The key to a discovery there would be the potential for Arrow to find something which could utilise billions of dollars in port and rail infrastructure which will be developed by Rio, Chinalco, Baowu, the Winning Consortium and Guinea’s Government.
“There’s been a lot of positive news out of the Simandou project,” Forwood said. “The rail and port construction seems to be moving ahead after a number of hiccups. That’s publicly stated to be open access port and rail.
“Arrrow’s a long way from port but if you can get access to rail that’s within that 10-20km of your hypothetical iron ore deposit that’s great.
“That news plus David Flanagan being one of the sector’s great promoters will assist the company in raising money and it already has, so they will be able to dedicate a lot more money and people and effort to the exploration of that project now.
“They found some indications of high grade, 60% plus, but they certainly haven’t found a deposit yet. They do need to do a significant amount of exploration and I think that both those factors will assist significantly.”
If it finds something of note, Arrow could also become a takeover target for Winning, which holds the two northern blocks at Simandou — containing 1.8Bt at over 65% Fe.
The other metal Forwood says looks brighter than the macro picture would suggest is copper.
It remains rangebound so to speak, dropping from over US$8400/t at the start of the year to US$8169/t on Friday, despite most analysts switching their supply-demand models from a surplus to a significant deficit after political opposition forced First Quantum to shut its 350,000tpa Cobre Panama mine in the Latin American nation at the end of last year.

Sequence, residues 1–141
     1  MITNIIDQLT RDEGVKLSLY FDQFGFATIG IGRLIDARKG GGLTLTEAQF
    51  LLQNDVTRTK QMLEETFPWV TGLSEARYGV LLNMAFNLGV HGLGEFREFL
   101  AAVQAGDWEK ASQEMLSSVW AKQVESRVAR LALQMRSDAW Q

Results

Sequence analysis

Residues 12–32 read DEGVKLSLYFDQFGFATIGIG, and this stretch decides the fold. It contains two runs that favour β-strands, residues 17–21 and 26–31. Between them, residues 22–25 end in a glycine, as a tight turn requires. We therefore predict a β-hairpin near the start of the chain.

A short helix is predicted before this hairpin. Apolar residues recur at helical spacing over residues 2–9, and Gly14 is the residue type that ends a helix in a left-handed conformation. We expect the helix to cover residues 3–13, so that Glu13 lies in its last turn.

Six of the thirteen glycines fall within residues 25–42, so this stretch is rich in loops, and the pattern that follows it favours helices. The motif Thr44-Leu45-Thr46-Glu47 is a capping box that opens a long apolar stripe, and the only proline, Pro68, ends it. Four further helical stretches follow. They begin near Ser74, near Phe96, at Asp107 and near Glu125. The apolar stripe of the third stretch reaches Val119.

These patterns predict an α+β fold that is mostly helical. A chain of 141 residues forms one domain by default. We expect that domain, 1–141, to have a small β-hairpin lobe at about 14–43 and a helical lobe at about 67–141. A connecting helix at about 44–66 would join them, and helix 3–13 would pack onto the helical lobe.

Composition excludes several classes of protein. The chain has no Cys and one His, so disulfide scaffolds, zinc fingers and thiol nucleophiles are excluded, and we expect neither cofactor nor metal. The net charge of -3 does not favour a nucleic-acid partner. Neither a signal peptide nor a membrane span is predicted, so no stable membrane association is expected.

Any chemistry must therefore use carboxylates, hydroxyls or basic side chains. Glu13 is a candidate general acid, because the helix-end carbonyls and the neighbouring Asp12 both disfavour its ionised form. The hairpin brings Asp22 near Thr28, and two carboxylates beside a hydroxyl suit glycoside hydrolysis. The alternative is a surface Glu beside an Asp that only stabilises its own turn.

“People have been calling it for a long time that 2025 could be when we start to see the squeeze in the supply-demand balance but you’re seeing and hearing on the equity side, more interest in copper,” Forwood said.
While prices remain subdued, institutional and high net worth investors are upping their bets on copper equities.
160,000tpa Capstone Copper (ASX:CSC) recently raised C$431 million in a tough market for Canadian resources stocks ahead of a planned compliance listing on the ASX.
Also seeking a dual listing on the Australian Bourse is America’s Metals Acquisition Corp, which nabbed $325 million ahead of its local float, which will bring the high grade CSA mine in Cobar to the local investment market.
“Even though the copper price has been range bound and gone sideways between US$3.50-3.80/lb for an extended period, I think the big players are trying to get set and increase their exposure to copper and it’s happening now — both from the equity markets and from corporates trying to do joint ventures with juniors and increase their access to the copper project pipeline,” Forwood said.
$11m capped Anax has completed a feasibility study on the restart of the Whim Creek copper and zinc mine in the Pilbara, where it has cleared environmental legacies but run into funding challenges in a stormy market. Most recently, the project developer raised $2.7 million from investors at 2c in a rights issue.
“The capital cost of the project’s north of 70 million, so it’s not nearly enough to get the project going,” Forwood noted.
“Raising development finance is still very difficult for a number of projects, and that just feeds back into the idea that every project that gets delayed or deferred makes the future supply shortfall worse.
“Hopefully Anax will benefit (if prices rise). They’re probably one of the next cabs off the rank in terms of copper developments that are shovel ready.”
While Cooper and its Brumby Ridge discovery in Queensland is earlier stage, Forwood is hopeful copper interest will filter down to genuine grassroots exploration stories.
$18m capped CPM’s shares peaked at a two year high of 44c on November 30 when it announced a ‘high grade discovery’ in a hole that struck a 71m intercept at 2.8% Cu.
Its shares have since settled back to 28c, down on a 12 month basis but 211% up on all time lows of 9c recorded on October 31.